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Discover: London’s Beautiful Stained Glass Windows

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Image © Steve Lee via Flickr

London is full of intricate stained glass creations, and we’ve selected our favourite for you to enjoy whilst you’re exploring the city…

Well-endowed as London is when it comes to most expressions of art, it is perhaps surprising that it can be a bit of a challenge to find stained glass in the city. A lack of prominent older pieces is, among other things, due to the Blitz. But contemporary stained glass is not exactly found on every street corner either, so where should aficionados go for the real deal?

Victoria and Albert Museum

Image: @vam.ac.uk

Cromwell Road, London, SW7 2RL

The first stop on any stained glass pilgrimage has to be the Victoria and Albert Museum in South Kensington. It has one of the biggest collections in the UK and features a wide range of styles and artists. The Sacred Silver and Stained Glass gallery on the third floor is a good place to start; it’s a rich source of medieval glass, although it features some more contemporary panels as well. This includes ‘The Apparition of the Sacred Heart’, which is the only work by 20th century master Harry Clarke on show in London. The Medieval and Renaissance galleries are worth a visit too, particularly for the beautiful collection of glass from the Sainte-Chappelle that’s on display. The truly dedicated can delve into the collection even deeper by making an appointment at the archive, which houses drawings by big names including the prolific Arts and Crafts artist Christopher Whall.


Holy Trinity Church

Image: The Holy Trinity Church via @sloanechurch.org

Holy Trinity Sloane Square, Sloane Street, London, SW1X 9BZ

Around the corner from the V&A, the Holy Trinity Church is well worth a visit for lovers of the Gothic Revival style. The entire building, including its interior decoration, was designed by George Frederick Bodley and is a lavish, brightly-coloured affair. The exceptionally tall window behind the altar is especially eye-cathcing.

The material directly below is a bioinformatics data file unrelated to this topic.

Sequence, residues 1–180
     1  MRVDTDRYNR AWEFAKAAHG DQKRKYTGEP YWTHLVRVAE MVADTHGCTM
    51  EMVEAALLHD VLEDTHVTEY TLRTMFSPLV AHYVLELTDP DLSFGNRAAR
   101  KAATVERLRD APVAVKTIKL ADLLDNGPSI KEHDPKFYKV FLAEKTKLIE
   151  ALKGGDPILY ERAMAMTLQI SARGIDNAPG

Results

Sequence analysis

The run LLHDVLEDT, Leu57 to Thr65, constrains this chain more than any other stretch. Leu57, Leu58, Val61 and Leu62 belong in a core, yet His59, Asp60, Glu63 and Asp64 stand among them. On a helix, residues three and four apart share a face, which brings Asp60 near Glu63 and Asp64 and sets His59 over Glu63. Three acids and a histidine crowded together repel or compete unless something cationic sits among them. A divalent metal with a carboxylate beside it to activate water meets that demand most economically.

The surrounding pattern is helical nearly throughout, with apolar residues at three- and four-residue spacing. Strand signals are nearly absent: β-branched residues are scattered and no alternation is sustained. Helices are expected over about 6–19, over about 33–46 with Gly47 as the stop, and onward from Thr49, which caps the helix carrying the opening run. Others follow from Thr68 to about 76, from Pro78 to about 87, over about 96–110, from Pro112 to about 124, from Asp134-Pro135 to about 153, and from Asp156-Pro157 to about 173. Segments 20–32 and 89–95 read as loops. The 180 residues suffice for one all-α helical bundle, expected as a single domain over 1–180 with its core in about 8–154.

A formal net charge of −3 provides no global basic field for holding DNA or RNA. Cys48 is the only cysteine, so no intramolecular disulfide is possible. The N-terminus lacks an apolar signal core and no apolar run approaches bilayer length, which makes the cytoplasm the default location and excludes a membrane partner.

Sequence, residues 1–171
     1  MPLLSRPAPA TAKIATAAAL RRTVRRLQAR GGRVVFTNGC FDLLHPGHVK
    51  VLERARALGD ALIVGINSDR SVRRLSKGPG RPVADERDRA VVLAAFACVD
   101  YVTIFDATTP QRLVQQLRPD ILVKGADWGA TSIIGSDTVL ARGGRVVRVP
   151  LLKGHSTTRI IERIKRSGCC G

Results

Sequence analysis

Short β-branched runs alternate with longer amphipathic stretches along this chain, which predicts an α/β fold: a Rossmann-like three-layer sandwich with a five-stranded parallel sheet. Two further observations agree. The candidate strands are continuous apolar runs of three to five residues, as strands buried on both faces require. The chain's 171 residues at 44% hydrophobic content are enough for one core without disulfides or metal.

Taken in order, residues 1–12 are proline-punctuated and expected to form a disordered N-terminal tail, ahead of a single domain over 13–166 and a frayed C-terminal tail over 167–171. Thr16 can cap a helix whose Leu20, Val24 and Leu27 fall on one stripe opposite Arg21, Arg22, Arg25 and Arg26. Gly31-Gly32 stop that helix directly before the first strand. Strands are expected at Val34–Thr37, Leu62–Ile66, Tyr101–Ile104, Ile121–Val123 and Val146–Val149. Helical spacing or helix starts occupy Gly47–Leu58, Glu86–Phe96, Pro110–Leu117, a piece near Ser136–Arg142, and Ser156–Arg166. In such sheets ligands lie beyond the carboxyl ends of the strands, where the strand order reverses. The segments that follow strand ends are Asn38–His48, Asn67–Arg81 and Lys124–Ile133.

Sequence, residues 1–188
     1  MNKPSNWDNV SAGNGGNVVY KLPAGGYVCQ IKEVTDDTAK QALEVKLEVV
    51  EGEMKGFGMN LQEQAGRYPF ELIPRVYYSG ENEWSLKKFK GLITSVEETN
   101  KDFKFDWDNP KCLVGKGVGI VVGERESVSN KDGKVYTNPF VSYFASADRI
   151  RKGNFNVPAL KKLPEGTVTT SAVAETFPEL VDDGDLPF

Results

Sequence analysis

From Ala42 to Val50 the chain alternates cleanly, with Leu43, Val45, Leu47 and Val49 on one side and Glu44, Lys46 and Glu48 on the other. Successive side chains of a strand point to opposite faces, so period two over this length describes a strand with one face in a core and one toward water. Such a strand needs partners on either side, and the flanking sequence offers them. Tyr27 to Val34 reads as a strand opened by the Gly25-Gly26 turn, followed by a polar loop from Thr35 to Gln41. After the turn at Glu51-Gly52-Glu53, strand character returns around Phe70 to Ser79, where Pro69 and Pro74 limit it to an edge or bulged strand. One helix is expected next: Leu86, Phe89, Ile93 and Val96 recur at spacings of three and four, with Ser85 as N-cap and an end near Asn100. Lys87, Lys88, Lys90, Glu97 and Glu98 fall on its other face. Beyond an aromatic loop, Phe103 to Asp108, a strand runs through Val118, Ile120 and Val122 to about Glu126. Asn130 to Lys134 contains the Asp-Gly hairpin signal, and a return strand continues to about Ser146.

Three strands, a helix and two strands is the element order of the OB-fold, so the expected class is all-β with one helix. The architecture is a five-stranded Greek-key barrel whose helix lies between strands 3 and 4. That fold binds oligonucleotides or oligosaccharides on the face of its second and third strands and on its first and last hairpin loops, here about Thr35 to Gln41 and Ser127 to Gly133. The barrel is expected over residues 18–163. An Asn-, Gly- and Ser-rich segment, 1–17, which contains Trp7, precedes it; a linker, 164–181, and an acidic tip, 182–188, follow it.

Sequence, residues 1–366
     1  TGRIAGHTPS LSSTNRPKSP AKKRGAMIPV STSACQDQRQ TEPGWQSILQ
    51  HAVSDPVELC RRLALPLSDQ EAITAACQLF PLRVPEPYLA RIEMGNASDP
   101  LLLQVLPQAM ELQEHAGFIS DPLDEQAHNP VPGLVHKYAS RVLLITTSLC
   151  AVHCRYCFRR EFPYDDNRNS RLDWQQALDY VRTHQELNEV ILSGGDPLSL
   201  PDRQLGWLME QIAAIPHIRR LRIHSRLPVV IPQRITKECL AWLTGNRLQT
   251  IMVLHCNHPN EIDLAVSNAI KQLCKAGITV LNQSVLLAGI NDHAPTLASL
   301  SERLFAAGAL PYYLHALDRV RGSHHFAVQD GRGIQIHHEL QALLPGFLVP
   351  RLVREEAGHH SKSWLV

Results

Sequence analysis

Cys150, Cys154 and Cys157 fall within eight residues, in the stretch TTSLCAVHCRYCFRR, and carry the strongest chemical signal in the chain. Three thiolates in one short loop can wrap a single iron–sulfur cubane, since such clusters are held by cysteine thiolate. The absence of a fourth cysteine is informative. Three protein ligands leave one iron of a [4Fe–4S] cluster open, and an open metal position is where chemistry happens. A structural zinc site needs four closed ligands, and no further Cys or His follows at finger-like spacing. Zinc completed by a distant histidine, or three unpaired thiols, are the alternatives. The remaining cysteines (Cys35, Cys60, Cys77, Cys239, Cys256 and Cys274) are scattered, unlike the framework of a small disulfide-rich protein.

Claude Bosi at the Michelin House

Image: Clause Bosi Restaurant via @claudebosi.com

81 Fulham Road, London, SW3 6RD

Staying in the Royal Borough, the Claude Bosi restaurant on Fulham Road is an amazing Art Deco building which many will know as Michelin House. The three large stained glass windows, all featuring the Michelin Man, are eighties replicas based on designer François Espinasse’s drawings. The original windows were removed in 1940 for safekeeping, but were sadly never recovered after the war. And what better way to enjoy these pieces of art than to have a delightful meal to accompany it.


Sambourne House

Image: @rbkc.gov.uk

18 Stafford Terrace, London, W8 7BH

Our last destination in the area is 18 Stafford Terrace, just off Kensington High Street. The former home of Punch cartoonist Edward Linley Sambourne has some very remarkable stained glass panels incorporating birds, sunflowers and other natural motifs. Though not currently open to the public due to refurbishments they’re planning to reopen the venue in the Autumn of 2022, so stay tuned!


St. Lawrence Jewry C of E Church

Image: St Lawrence Jewry Church via @stlawrencejewry.org

Guildhall Yard, London, EC2V 5AA

St Lawrence Jewry’s windows are a unique mix of the old and the new; when the current panels were commissioned after the Second World War, they were designed to fit the wrought-iron pattern used by Christopher Wren, who rebuilt the church after the Great Fire. The nearby Temple Church is also worth a look, if only for the surprisingly self-aware panel that actually depicts the church itself.


Royal London Hospital, Whitechapel & Charing Cross Hospital

Image: @stmarylebow.org.uk

Stained glass is not just the prerogative of the church, however. Both the Royal London Hospital in Whitechapel and Charing Cross Hospital boast striking contemporary glass; the former has eight windows by Johannes Schreiter, while Keith Grant’s design for the latter is not so much a window as a façade (it’s 18 metres wide).

All in all, it only takes a little digging to find enough locations for a stained glass day trip around the city. Other options include the Tower of London, Freemason’s Hall, Southwark Cathedral, St Mary-le-Bow, Westminster Abbey, St Martin-in-the-Fields, and the William Morris Gallery. While you’re at it, why not make it a weekend?


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